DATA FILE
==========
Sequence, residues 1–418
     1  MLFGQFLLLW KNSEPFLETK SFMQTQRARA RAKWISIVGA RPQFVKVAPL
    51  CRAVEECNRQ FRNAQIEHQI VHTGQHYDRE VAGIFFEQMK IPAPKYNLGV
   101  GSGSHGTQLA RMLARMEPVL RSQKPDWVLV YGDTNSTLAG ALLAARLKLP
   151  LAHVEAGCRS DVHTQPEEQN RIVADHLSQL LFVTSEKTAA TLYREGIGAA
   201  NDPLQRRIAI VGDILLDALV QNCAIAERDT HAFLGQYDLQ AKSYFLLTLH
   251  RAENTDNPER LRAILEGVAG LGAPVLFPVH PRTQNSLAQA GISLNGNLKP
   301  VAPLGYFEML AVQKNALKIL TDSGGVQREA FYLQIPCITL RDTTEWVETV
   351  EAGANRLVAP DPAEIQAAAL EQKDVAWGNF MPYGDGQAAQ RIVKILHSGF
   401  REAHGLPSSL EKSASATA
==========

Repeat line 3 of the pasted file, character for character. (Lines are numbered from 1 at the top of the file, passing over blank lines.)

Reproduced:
    51  CRAVEECNRQ FRNAQIEHQI VHTGQHYDRE VAGIFFEQMK IPAPKYNLGV